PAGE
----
The Foreign Intelligence Surveillance Act - FISA - is set to expire early next year and the Democrats in Congress are feverishly looking for ways to weaken it to try and score political points among its MoveOn.org wing.
FISA was first adopted in 1978 and was updated as part of the Patriot Act of 2001. It was originally passed as a reaction to the misuse of intelligence services during the whole Watergate business.
According to a 2003 US Navy Memo FISA is the statute which authorizes federal agents to conduct electronic surveillance, as part of a foreign intelligence or counterintelligence investigation, without obtaining a traditional, probable-cause search warrant.
The major change in FISA following the 9/11 attacks, again according the Navy memo, is called "roving authority."
Prior to the amendment, the law required the FISA court to specify the location of the surveillance and to name any third parties whose cooperation would be required, such as a telephone company or an internet service provider. If the target of the surveillance changed telephone companies, the government would have to return to the FISA court and request a supplemental order naming the new third party.
With the change, the FISA court can now issue a generic order that can be served on any third party needed to assist with the surveillance.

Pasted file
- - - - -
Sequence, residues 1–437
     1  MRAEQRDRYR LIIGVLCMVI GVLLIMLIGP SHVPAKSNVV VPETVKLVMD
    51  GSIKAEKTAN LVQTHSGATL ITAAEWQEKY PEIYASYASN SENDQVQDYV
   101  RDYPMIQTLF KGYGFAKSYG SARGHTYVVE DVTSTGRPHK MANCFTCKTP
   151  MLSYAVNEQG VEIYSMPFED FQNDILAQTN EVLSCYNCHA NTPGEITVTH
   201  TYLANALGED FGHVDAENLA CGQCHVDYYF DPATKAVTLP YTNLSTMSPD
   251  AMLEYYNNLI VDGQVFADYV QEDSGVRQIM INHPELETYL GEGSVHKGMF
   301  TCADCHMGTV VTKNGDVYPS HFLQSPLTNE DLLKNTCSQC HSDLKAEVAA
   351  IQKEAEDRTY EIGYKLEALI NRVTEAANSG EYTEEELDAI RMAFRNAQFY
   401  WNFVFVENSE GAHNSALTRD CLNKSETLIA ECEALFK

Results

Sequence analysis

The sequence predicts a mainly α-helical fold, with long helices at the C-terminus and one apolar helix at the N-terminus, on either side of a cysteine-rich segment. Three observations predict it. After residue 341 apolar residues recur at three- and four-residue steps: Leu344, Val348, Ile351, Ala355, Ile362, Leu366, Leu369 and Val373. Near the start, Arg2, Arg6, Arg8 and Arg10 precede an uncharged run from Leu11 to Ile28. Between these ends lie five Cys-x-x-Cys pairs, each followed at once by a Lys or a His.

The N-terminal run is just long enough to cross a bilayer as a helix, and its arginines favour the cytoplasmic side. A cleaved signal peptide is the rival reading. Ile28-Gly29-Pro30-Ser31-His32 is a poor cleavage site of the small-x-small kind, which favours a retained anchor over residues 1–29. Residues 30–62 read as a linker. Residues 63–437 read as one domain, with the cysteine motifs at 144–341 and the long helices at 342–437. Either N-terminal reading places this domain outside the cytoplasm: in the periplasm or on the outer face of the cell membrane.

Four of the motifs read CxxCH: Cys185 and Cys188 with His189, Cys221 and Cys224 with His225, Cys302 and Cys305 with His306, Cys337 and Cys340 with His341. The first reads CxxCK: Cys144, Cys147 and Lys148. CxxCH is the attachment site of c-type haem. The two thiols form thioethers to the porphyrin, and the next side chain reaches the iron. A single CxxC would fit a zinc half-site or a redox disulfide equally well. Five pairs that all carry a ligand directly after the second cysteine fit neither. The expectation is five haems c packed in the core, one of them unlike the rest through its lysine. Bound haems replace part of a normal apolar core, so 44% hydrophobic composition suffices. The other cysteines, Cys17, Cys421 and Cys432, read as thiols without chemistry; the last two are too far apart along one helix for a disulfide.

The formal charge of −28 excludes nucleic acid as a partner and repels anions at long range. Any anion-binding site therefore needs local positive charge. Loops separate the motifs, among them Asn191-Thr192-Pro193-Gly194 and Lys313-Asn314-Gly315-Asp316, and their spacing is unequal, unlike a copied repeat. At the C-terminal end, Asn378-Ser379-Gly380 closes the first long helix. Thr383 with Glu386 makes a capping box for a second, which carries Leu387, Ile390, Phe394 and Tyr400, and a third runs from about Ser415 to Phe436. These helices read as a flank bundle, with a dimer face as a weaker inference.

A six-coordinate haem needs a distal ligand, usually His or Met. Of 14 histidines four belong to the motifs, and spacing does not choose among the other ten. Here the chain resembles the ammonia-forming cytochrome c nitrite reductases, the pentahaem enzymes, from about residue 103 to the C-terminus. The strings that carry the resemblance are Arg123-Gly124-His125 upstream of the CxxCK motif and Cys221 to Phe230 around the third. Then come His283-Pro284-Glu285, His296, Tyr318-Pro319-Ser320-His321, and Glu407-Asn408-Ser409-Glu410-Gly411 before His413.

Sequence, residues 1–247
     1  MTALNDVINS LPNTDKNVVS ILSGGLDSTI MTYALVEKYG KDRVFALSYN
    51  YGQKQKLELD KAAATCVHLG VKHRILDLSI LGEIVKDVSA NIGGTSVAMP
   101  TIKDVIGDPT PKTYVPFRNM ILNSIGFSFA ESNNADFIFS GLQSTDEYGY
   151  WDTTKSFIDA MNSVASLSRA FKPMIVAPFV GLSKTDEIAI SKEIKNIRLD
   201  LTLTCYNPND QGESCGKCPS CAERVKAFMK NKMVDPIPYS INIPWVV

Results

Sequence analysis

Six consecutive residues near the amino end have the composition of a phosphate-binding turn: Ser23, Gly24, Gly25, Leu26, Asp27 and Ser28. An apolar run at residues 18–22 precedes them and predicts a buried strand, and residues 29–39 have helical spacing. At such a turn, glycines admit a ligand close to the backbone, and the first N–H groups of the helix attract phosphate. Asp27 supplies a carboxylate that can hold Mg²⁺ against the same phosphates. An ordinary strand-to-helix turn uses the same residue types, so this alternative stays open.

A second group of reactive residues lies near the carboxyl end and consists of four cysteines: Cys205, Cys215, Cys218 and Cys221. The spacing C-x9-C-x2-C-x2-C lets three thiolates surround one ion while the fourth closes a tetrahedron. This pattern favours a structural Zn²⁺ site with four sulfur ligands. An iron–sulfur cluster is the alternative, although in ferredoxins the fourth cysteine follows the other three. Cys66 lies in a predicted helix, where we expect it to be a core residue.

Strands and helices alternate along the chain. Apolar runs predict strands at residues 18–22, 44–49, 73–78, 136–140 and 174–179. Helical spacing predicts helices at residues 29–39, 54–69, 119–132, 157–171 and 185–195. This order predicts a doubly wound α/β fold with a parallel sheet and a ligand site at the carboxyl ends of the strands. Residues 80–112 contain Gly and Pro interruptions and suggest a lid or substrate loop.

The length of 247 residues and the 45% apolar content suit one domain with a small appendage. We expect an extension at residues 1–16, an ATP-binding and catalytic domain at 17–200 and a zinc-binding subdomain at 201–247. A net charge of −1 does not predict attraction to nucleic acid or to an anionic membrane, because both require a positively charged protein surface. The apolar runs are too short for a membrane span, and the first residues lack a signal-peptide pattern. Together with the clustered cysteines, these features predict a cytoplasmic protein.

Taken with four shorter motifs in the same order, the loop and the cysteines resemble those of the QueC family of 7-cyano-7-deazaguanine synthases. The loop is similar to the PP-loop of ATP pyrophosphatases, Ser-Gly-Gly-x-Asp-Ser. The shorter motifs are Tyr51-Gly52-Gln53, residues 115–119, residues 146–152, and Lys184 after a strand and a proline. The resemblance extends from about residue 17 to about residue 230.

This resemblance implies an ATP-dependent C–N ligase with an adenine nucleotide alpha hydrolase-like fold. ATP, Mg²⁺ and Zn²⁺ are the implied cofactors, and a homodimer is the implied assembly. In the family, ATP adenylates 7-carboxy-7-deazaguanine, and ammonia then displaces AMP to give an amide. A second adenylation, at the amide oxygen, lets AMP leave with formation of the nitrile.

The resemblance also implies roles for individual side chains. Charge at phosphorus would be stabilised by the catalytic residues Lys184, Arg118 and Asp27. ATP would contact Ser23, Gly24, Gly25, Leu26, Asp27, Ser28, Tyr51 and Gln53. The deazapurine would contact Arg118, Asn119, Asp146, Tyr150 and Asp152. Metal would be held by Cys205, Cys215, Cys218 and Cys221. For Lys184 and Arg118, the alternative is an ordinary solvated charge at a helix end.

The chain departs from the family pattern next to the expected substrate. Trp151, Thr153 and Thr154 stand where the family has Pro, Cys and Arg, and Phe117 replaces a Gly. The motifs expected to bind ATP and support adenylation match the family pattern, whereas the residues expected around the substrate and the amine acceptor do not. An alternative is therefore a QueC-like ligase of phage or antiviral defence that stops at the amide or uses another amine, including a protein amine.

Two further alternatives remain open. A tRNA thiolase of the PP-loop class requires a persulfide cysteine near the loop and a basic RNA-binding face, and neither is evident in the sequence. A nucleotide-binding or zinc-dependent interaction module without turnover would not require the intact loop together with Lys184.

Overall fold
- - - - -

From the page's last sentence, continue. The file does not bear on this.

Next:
It is that "third party" issue which was at the heart of Senate Judiciary Committee action yesterday. On two separate votes, the panel first voted to grant immunity from law suits to "third parties" such as telephone, cable, and other common carriers which provide data to the government. Then the Committee voted NOT to grant such immunity.
They were for it before they were against it.
If you are on the fence about whether phone companies should be able to provide traffic info to the government, consider the following which was issued after the second vote:
"We are ecstatic that the Democrats were able to strip this measure out of the Judiciary Bill."
That was issued by the American Civil Liberties Union. Here's a pretty good rule of thumb: Anything which makes the ACLU "ecstatic" when it comes to dealing with terrorists needs to be examined very, very carefully.
The House, meanwhile, went ahead and passed a version of the bill which does not provide immunity to phone companies which means phone companies won't comply with requests from intelligence services to provide information on phone calls made to and from suspected terrorists outside the United States.
Good idea, huh?